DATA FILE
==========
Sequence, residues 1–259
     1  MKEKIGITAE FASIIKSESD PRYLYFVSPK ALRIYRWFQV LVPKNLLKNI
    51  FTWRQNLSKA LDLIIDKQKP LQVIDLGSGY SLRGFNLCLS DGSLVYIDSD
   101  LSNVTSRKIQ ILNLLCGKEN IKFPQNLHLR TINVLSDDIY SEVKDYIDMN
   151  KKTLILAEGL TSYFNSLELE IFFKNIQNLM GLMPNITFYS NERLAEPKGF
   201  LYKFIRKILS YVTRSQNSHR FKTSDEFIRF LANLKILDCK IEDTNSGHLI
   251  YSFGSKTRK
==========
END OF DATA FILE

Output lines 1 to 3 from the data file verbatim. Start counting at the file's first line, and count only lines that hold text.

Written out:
Sequence, residues 1–259
     1  MKEKIGITAE FASIIKSESD PRYLYFVSPK ALRIYRWFQV LVPKNLLKNI
    51  FTWRQNLSKA LDLIIDKQKP LQVIDLGSGY SLRGFNLCLS DGSLVYIDSD